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Democrats Introduce Censure Resolutions Aimed at Bush, Cheney and Gonzales
Congressional Quarterly
By CQ Staff
By Keith Perine
August 6, 2007

Democrats have introduced resolutions in the House and Senate that would censure President Bush, Vice President Cheney and Attorney General Alberto R. Gonzales.

Russ Feingold, D-Wis., introduced the censure resolutions in the Senate on Aug. 4; New York Democrat Maurice D. Hinchey introduced them in the House a day later.

One resolution (S Res 302, H Res. 625), would censure Bush and Cheney for "misleading the American people" about the need to invade and occupy Iraq, as well as for poor planning and conduct of the war.

The other measure (S Res 303, H Res. 626) would censure Bush and Gonzales for "undermining the rule of law and the separation of powers" by, among other things, authorizing the National Security Agency to conduct warrantless surveillance of American citizens and making "misleading" statements about the application of the a sweeping 2001 anti-terrorism law (PL 107-56).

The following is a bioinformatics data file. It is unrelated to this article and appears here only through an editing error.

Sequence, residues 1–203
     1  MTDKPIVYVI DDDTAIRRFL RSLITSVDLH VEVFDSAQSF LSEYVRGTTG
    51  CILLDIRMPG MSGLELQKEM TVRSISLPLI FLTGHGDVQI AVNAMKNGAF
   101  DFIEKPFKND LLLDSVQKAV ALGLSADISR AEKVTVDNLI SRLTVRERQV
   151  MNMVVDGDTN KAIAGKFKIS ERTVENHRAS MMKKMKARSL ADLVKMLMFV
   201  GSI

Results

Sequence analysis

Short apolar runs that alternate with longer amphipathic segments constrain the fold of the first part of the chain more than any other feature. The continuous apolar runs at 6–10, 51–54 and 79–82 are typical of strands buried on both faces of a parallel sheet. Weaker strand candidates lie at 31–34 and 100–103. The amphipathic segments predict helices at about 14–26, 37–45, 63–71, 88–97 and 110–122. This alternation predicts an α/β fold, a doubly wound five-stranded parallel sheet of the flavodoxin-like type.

"Congress cannot stay silent when the American people are demanding that this administration be held accountable for its blatant misconduct regarding Iraq and its attack on the rule of law," Feingold said.

Neither the House nor the Senate is expected to take up the resolutions. Despite the clamor from the Democratic political base for the more drastic step of impeaching Bush, Cheney and Gonzales, Democratic congressional leaders have avoided making any moves that voters might see as a political vendetta.

Feingold introduced a resolution last year in a Republican-controlled Senate that would have censured Bush over the NSA surveillance program. Senate Republicans tried to schedule a floor vote on that resolution, but Democrats blocked the move.

The only president ever to be censured was Andrew Jackson in 1834. The Senate voted 26-20 to censure Jackson in his second term after he refused to turn over a document related to his decision to remove federal deposits from the Bank of the United States. Three years later, with its balance of power reversed, the Senate voted to expunge the censure text from the record.

This story originally appeared in CQ Today

Original Text